Pyrenean Shepherd

Shepherd of the Pyrenees File

This is a dog for singles who are very active or families who do not care about their Pyrenean Shepherd sticking its nose in everything that is happening. Dogs of this breed are engaged, interactive and very playful dogs, although the main thing in their heads is always work. You and your dog will both benefit from some form of organized sport or work such as agility or rehearsed grazing activities.


The origin of Pyrenean Shepherd it is unknown, but it is known that this breed was developed to be a companion for the Pyrenean Mountain Dog; he would take care of herding the sheep while the Pyrenean Mountain Dog would stand guard for them.

The Pyrenean Shepherd, or “Pyr Shep” as he is affectionately called in some English-speaking countries, has been grazing sheep in the Pyrenees Mountains, in southern France, for centuries. Despite being a slightly hesitant breed with strangers, the Shepherd of the Pyrenees is a very lively, lively and full of disposition dog, besides being an excellent athlete dog, which always excels in agility tests and other sports for dogs.

This breed arrived in North America in the 19th century to be used as a herding dog. You Pyrenean Shepherd dogs created their own name outside the French mountains by serving alongside French soldiers during World War I as watchdogs, messengers and assistants in search and rescue missions for wounded soldiers after battles, giving their lives in these valiant missions.

Breeders established the standards of the Shepherd of the Pyrenees in 1970, but the breed was only recognized by AKC in 2009. Today they are excellent companion dogs and working dogs that are particularly excellent in search and rescue work.

Through its dark past, many myths have emerged around this race; some say that the Shepherd of the Pyrenees descended directly from the bears and foxes native to the Pyrenees region, others say that these dogs were the original dogs of the Cro-Magnon people who painted the Lascaux caves. For centuries grazing has been the mainstay of the economy in the Hautes-Pyrenees and this old lifestyle persists today, in the middle of the 21st century. Many excellent Pyrenean Shepherds (but with no registered ancestors) continue to shepherd sheep daily in the Pyrenees mountains.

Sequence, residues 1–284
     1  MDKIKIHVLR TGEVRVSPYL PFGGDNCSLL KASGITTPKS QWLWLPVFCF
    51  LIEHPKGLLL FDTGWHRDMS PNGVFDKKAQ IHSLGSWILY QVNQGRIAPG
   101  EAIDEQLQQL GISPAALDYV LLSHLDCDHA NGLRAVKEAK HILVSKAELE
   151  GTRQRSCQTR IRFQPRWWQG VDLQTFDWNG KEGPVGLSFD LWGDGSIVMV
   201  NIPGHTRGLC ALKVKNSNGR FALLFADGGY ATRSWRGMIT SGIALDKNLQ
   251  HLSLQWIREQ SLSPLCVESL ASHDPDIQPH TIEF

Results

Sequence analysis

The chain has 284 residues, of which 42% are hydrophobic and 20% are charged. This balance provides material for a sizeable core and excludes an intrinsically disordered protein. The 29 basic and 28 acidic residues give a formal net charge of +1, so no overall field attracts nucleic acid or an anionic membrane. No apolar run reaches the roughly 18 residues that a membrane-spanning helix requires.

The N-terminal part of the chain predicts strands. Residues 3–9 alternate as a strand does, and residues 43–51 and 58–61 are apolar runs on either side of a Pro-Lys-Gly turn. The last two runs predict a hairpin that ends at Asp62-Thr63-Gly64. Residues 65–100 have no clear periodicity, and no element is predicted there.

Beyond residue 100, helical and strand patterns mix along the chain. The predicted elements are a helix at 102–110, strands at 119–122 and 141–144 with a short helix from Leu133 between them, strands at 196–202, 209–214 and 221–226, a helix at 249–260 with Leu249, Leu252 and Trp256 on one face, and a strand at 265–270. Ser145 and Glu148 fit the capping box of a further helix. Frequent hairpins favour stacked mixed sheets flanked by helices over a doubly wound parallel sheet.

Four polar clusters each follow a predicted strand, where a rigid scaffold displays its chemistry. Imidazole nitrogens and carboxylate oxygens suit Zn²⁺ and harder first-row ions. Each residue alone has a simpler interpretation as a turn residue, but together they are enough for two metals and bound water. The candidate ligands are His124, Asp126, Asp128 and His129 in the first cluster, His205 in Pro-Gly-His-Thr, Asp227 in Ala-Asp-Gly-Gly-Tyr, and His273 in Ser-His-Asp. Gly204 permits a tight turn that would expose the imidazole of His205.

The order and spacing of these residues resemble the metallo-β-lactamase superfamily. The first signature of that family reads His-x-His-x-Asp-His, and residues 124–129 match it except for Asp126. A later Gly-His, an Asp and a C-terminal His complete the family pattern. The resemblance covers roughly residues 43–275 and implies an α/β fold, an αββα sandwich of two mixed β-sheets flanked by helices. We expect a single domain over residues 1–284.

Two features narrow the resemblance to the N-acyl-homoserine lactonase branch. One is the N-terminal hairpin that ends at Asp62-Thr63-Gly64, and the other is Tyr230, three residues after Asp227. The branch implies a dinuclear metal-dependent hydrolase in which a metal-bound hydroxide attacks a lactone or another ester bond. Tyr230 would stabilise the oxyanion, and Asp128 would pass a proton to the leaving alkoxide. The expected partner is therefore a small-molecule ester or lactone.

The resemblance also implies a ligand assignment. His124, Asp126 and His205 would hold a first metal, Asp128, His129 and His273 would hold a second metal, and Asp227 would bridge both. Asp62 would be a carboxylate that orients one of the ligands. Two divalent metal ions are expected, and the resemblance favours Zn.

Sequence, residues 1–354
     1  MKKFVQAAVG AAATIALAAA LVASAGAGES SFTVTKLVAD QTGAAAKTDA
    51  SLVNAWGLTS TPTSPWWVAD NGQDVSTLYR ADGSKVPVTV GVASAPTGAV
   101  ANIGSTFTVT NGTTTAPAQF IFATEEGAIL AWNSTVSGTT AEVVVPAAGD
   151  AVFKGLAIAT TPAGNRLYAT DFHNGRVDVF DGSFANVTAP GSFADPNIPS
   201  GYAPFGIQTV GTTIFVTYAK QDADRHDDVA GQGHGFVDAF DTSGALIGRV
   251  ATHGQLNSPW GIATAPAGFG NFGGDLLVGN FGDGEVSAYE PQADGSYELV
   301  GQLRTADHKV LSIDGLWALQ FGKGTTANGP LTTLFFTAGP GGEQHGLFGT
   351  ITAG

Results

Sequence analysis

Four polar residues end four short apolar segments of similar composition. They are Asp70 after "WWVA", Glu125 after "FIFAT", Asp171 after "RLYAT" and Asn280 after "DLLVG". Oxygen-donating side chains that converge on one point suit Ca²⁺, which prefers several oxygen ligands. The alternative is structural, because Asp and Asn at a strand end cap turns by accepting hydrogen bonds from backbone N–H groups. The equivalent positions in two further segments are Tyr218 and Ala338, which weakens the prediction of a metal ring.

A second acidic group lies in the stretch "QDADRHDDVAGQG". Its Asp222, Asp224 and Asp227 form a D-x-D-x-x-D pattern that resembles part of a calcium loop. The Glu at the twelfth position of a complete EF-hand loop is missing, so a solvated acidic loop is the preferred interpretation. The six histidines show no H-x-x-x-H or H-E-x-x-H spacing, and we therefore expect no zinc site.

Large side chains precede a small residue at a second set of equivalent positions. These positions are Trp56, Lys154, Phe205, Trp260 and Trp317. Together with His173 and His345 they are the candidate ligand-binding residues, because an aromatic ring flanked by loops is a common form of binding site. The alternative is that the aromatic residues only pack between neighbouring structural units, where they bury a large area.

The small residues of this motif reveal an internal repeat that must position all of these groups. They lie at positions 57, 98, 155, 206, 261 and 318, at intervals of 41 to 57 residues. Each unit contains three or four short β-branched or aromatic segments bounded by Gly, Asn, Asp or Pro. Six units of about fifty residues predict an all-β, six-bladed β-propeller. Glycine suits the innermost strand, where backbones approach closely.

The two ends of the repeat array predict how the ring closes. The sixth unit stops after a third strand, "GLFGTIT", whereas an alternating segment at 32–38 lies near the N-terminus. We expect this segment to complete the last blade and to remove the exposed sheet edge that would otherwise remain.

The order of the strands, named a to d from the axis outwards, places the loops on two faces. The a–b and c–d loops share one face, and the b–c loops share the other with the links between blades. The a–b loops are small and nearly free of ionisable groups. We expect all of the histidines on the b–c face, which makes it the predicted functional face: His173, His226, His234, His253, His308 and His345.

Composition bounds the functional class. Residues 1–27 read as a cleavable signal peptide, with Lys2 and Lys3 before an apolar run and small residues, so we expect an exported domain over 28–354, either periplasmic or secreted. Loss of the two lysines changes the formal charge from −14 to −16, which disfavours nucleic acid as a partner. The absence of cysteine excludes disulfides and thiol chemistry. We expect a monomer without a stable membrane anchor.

O Pyrenean Shepherd it will develop very well in the home of a family that is very active. This breed is dominated by its love of herding work. As a companion dog, this is a very active and enthusiastic dog, in addition to insisting a lot to be involved in the day's activities, whatever they may be.

Active and smart; these are the keywords associated with that race. Unless you can exercise with your dog for a few hours daily, this is not the right breed for you. It is also necessary to keep in mind that it is necessary to have a good sense of humor to appreciate the clever antics and playfulness of these dogs.


While the Pyrenees Mountain Dog is extra wide and intimidating, the Pyrenean Shepherd it's much smaller and faster, much more like a football player than a goalkeeper. There are two distinct types of Shepherds of the Pyrenees: the Shepherd of the Pyrenees of Pelo Soft and the Shepherd of the Pyrenees of Pelo Rough.

The Soft Fur Pyrenees Shepherd looks more like the Australian Shepherd, while the Rugged Fur Pyrenees Shepherd looks more like a Briard. Rough-haired dogs have a long body, with a coat that can be semi-long or long, with little undercoat, while Soft-haired dogs seem to have a more square body, with a shorter, softer and smoother coat around the muzzle while the fur on the rest of your body is slightly larger. In both cases the color of your coat must be brown, gray or brindle.

Specific care

These dogs are very fast and think of their feet, so you have to be able to stay on the same level as yours Pyrenean Shepherd. Dogs of this breed that are kept as companion dogs may try to shepherd the people they live with or the animals in the neighborhood. This behavior can be modified to some extent, but it is desirable for your dog to maintain some of its instincts.

The Shepherd of the Pyrenees does not require much care, just a few brushings very well done a few times a week are enough for them.


Overall this is a very healthy breed, but the Pyrenean Shepherd dogs they may have some health problems such as retinal atrophy, hip dysplasia and wear of the kneecaps.

Video: Pyrenean shepherd Nanga - agility training with Jíťa Janásková (October 2021).

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